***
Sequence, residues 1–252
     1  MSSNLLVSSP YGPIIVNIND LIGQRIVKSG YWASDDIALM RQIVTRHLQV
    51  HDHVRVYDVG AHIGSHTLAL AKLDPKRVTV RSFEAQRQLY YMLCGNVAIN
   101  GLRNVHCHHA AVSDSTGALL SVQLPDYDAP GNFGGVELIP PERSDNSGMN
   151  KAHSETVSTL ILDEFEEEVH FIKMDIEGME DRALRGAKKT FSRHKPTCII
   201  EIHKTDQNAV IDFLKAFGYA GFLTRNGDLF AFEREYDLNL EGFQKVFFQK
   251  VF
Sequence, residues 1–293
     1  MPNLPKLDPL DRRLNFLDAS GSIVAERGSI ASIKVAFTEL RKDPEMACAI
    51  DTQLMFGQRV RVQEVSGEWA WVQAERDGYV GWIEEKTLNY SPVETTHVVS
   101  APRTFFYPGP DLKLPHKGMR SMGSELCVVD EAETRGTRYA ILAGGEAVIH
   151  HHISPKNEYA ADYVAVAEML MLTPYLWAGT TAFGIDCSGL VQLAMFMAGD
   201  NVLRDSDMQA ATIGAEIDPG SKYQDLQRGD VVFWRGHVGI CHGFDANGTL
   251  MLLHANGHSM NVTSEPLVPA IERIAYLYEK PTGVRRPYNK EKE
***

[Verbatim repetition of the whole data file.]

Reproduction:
Sequence, residues 1–252
     1  MSSNLLVSSP YGPIIVNIND LIGQRIVKSG YWASDDIALM RQIVTRHLQV
    51  HDHVRVYDVG AHIGSHTLAL AKLDPKRVTV RSFEAQRQLY YMLCGNVAIN
   101  GLRNVHCHHA AVSDSTGALL SVQLPDYDAP GNFGGVELIP PERSDNSGMN
   151  KAHSETVSTL ILDEFEEEVH FIKMDIEGME DRALRGAKKT FSRHKPTCII
   201  EIHKTDQNAV IDFLKAFGYA GFLTRNGDLF AFEREYDLNL EGFQKVFFQK
   251  VF
Sequence, residues 1–293
     1  MPNLPKLDPL DRRLNFLDAS GSIVAERGSI ASIKVAFTEL RKDPEMACAI
    51  DTQLMFGQRV RVQEVSGEWA WVQAERDGYV GWIEEKTLNY SPVETTHVVS
   101  APRTFFYPGP DLKLPHKGMR SMGSELCVVD EAETRGTRYA ILAGGEAVIH
   151  HHISPKNEYA ADYVAVAEML MLTPYLWAGT TAFGIDCSGL VQLAMFMAGD
   201  NVLRDSDMQA ATIGAEIDPG SKYQDLQRGD VVFWRGHVGI CHGFDANGTL
   251  MLLHANGHSM NVTSEPLVPA IERIAYLYEK PTGVRRPYNK EKE